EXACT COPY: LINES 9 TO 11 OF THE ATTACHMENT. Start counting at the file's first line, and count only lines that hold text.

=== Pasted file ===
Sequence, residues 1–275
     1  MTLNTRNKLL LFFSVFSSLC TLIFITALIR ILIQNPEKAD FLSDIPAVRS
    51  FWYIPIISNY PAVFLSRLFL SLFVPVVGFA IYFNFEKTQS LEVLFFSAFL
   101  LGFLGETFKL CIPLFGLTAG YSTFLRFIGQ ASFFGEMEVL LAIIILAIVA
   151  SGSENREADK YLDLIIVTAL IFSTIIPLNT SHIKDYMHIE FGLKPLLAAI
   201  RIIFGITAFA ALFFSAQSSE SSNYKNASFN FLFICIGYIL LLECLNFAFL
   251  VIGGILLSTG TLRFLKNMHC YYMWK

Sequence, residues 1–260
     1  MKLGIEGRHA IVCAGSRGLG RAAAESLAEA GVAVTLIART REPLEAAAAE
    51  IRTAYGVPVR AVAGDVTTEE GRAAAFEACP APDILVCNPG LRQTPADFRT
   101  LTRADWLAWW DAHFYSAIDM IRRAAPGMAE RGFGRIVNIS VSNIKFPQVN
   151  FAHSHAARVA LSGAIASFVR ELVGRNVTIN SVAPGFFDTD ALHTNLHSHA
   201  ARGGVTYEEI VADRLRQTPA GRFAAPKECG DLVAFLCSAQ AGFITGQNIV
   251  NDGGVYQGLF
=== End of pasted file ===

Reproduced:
     1  MKLGIEGRHA IVCAGSRGLG RAAAESLAEA GVAVTLIART REPLEAAAAE
    51  IRTAYGVPVR AVAGDVTTEE GRAAAFEACP APDILVCNPG LRQTPADFRT
   101  LTRADWLAWW DAHFYSAIDM IRRAAPGMAE RGFGRIVNIS VSNIKFPQVN